ESPN: USC football to get major sanctions
LOS ANGELES -- The USC football program will receive two-year postseason ban, a reduction in scholarships and a forfeiture of wins from at least the 2004 season when the NCAA releases it sanctions on Thursday, a source told ESPN's Shelley Smith.
ESPN the Magazine's Bruce Feldman confirmed the two-year postseason ban and a reduction in scholarships from a second USC source.
USC will respond Thursday to the NCAA's findings following its investigation into possible violations by the Trojans' football and men's basketball programs, a source with direct knowledge of the situation told ESPN's Joe Schad.
There is no press conference scheduled for Thursday. According to an SID at USC, the school would issue a statement in response to any NCAA announcement addressing penalties. A different source had said earlier in the day that the school would have a press conference following the NCAA announcement.
The NCAA infractions committee held a hearing in February in which USC presented its responses to allegations of NCAA violations. Results of the report have been expected for several weeks.
USC football players will be informed about the sanctions at a mandatory meeting Thursday morning, a source told Feldman.
Once released, USC would have a chance to appeal.
USC already admitted wrongdoing with the basketball program and sanctioned itself, including a ban on postseason participation, a reduction of scholarships and vacating all of its wins from 2007-08.
The school's football team is under investigation for its dealing with Heisman Trophy-winning running back Reggie Bush, who played at the school from 2003-05. If Bush is found retroactively ineligible, the Heisman Trust could strip him of his 2005 award.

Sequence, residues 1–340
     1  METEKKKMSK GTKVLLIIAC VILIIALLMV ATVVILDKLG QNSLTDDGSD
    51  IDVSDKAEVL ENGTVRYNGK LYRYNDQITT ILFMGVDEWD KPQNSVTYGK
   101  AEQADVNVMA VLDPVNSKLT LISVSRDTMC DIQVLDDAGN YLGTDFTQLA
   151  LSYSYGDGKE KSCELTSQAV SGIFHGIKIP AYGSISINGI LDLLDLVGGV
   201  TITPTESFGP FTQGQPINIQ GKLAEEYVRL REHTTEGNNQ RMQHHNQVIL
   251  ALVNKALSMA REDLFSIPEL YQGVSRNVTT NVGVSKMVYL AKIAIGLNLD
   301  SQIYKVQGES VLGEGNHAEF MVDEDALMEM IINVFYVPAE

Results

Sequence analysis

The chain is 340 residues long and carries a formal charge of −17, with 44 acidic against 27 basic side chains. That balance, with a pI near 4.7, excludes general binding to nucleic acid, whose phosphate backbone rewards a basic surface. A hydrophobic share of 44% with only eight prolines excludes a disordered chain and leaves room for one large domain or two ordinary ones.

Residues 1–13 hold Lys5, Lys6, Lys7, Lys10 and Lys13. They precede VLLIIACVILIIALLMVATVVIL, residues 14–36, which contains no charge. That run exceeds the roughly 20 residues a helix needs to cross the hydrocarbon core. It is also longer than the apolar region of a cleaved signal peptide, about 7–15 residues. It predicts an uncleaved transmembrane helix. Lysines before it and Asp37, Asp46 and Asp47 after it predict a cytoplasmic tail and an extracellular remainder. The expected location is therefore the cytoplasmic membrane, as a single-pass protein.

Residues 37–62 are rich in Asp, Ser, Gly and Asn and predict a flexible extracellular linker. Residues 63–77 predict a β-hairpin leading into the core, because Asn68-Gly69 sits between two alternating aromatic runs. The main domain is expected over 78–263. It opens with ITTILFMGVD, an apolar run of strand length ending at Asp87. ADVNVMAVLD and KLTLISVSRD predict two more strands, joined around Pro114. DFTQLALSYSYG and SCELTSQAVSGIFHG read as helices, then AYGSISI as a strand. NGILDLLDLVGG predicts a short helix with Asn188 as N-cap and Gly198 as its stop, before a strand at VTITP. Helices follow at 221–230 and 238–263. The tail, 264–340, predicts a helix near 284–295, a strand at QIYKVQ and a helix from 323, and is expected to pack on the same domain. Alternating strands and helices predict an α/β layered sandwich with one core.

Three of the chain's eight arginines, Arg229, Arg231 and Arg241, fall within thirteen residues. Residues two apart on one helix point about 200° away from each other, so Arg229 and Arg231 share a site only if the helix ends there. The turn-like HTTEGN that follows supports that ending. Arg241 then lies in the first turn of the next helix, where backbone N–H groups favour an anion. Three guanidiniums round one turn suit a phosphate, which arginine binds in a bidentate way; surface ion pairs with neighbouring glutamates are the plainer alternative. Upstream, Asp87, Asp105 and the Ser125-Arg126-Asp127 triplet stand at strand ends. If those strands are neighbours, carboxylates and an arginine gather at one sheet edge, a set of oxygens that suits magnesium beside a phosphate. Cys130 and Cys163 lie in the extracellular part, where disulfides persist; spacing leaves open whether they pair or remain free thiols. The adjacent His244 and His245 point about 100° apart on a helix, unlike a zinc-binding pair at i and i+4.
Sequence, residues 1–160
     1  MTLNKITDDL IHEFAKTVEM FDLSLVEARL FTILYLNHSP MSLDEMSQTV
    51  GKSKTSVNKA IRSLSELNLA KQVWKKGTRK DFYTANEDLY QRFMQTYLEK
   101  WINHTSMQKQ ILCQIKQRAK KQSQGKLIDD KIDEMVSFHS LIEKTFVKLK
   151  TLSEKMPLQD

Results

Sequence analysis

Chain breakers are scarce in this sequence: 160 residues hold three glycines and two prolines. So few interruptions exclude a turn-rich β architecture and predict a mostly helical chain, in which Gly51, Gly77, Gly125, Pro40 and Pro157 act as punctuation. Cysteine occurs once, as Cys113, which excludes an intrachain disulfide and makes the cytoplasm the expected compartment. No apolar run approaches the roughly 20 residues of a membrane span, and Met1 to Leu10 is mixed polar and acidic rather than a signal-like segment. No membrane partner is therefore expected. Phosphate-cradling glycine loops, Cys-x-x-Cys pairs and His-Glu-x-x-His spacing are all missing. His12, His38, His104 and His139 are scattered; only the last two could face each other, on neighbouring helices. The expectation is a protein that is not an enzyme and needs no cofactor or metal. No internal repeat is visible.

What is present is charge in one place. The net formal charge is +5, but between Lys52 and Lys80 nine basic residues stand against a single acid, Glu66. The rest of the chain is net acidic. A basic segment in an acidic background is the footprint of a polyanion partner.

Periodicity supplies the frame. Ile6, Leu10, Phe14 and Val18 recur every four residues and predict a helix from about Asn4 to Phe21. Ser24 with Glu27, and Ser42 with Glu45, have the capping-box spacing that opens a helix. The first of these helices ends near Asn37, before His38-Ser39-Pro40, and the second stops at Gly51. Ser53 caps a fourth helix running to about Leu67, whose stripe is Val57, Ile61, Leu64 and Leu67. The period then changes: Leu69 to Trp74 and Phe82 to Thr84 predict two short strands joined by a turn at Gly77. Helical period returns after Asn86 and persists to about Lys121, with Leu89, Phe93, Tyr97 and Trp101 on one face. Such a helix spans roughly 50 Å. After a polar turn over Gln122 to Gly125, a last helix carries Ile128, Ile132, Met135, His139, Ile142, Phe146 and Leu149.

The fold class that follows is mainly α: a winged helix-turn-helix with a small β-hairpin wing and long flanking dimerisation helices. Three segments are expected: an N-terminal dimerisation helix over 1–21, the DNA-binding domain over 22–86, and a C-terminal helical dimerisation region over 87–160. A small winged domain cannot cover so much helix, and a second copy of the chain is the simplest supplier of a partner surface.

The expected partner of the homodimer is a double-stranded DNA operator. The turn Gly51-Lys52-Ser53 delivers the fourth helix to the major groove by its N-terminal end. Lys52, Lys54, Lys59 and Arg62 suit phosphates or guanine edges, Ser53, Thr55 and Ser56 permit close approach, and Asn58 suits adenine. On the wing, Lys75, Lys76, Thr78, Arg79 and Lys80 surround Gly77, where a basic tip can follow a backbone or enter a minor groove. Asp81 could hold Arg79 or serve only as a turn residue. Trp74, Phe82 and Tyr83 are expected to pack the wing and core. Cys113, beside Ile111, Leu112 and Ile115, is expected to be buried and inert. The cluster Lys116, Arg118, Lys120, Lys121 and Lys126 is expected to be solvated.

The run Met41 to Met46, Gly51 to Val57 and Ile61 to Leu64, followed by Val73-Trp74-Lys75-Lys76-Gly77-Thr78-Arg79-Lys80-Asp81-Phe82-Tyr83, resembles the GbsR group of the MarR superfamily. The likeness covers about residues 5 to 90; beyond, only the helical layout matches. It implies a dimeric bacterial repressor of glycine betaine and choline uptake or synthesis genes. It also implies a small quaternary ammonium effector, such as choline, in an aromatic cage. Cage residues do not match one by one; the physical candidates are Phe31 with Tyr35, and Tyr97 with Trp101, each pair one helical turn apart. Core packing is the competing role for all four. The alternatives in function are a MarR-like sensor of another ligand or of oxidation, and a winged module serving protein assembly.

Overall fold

The NCAA and investigators from the Pac-10 Conference have tried to determine whether Bush and his parents took improper benefits, including an alleged rent-free residence provided by a sports marketer. Bush has not met with NCAA and Pac-10 investigators and has repeatedly denied any wrongdoing.
USC chose to contest the allegation against the football program, hoping to overcome the perception of a lack of institutional control, which could result in significant sanctions, including scholarship reductions, TV and postseason bans, recruiting restrictions and probation.
If USC is found guilty of major violations, the NCAA also could rule that the Trojans are "repeat violators." Per NCAA rules, "An institution shall be considered a 'repeat' violator if the Committee on Infractions finds that a major violation has occurred within five years of the starting date of a major penalty."
With the Trojans' season opener less than three months away, the news of the impending sanctions is sending shock waves across the USC campus.
Few students were understanding but most were shocked by these pending sanctions.
"I don't see why the actions of one person is basically spilling over the entire community," said USC student Warren Tichner."Basically, it's affecting USC, it's affecting a lot of our image, our prestige, and I don't see why one little thing is going to go on and ruin it all for all of us."
"We're upset but I think we understand that they had to do what they had to do," said another USC student Andrew Schultz.
The USC athletic program was last sanctioned in August of 2001.
The Associated Press and Eyewitness News reporter Robert Holguin contributed to this report.
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